Wahsner and Novin operated Economy for approximately three years. At some point or points during these three years, Economy was listed in AMSC's top ten dealer list.
After operating at a profit for the first six months, Economy began to operate at a loss and this loss trend was never reversed. In February, 1980, W. R. Crawford, who was responsible for running AMSC's dealership investment program and was Economy's first vice president, recommended that Economy's loan be recapitalized. This recapitalization increased First Pennsylvania Bank's loan to $150,000
and required AMSC to provide a new capital loan guarantee to the First Pennsylvania Bank. In July, 1980, Crawford recommended another recapitalization of Economy, this time in the amount of $124,000. Because First Pennsylvania Bank had participated in the February, 1980 recapitalization of Economy, Crawford proposed that the July, 1980 recapitalization be totally funded by AMSC, and so it was.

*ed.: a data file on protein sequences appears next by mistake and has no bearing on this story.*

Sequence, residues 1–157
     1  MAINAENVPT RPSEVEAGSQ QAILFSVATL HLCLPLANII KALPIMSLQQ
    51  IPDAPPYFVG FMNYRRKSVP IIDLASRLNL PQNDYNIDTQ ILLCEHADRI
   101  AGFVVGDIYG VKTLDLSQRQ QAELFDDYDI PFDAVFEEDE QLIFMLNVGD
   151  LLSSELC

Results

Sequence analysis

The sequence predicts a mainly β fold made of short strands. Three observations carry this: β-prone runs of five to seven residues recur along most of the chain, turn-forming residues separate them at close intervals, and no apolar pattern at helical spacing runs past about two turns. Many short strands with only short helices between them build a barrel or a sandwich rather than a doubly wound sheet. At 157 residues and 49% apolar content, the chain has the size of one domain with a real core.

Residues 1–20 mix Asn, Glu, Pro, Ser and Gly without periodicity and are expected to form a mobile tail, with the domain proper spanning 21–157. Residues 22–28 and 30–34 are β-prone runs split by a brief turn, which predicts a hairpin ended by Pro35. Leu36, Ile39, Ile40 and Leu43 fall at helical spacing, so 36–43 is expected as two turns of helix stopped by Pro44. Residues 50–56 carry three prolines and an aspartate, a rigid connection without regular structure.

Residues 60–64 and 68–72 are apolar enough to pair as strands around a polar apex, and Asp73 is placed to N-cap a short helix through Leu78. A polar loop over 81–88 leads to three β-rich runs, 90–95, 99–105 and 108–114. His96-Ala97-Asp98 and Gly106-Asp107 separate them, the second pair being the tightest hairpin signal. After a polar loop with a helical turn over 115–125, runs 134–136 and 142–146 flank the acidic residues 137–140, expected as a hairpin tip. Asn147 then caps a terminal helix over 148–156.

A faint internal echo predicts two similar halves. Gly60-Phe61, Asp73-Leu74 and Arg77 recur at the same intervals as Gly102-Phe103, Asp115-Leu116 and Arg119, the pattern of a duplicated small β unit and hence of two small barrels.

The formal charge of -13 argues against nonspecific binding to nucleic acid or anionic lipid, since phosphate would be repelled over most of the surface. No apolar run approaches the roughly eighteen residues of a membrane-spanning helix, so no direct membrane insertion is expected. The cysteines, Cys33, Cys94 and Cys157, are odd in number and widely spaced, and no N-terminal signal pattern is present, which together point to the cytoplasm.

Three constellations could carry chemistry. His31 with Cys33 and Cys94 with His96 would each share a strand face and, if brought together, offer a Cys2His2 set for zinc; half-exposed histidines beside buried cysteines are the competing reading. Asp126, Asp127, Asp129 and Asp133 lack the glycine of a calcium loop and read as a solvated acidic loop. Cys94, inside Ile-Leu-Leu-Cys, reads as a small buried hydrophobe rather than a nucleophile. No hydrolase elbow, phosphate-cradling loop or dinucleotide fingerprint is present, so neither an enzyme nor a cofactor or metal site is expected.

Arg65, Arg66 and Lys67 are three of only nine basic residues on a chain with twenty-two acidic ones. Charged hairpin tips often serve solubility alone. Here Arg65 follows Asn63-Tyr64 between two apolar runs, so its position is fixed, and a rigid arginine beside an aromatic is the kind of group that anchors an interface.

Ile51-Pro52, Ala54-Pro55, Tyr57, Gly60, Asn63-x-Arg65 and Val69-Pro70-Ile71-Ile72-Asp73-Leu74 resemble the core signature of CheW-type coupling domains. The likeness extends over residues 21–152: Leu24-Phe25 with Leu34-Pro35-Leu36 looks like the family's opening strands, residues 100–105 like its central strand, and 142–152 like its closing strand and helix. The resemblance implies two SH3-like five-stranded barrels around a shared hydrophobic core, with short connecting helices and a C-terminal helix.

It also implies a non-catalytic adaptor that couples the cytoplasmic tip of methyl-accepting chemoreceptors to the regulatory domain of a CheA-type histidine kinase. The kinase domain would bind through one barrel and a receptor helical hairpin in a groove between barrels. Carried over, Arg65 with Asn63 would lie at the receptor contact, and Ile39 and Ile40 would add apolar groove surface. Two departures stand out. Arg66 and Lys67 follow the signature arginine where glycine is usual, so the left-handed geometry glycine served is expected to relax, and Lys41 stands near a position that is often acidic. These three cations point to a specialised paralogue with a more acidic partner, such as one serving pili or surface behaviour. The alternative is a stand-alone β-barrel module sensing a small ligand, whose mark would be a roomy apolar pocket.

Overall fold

In intracompany correspondence to Crawford, M. P. Mauricio, the Northeast Branch Manager of the Dealer Investment Department, diagnosed Economy's problems as including (1) ineffective management of employees, (2) a decrease in departmental sales while departmental expenses increased, (3) frozen capital and (4) poor documentation of costs. On March 10, 1981, Crawford recommended in intracompany correspondence that Wahsner and Novin be removed as officers of Economy and that their stock interest be dissolved. He stated that "the primary reason for this recommended course of action is excessive and escalating losses of the dealership due to the continued lack of management action to coordinate and improve the overall operation." He also stated that there had been numerous meetings to work with Wahsner and Novin to improve operation of Economy. However, these attempts to reverse the loss trend had proven unsuccessful. Crawford included "a chronology of the attached dealership contact reports, intercompany memos, audits and letters substantiating this request for removal." Wahsner and Novin had invested $50,000 in common stock in 1978. Between April, 1978 and January, 1981, the dealership accumulated losses amounting to $104,880. Thus the decision was made to remove Wahsner and Novin from the Economy dealership.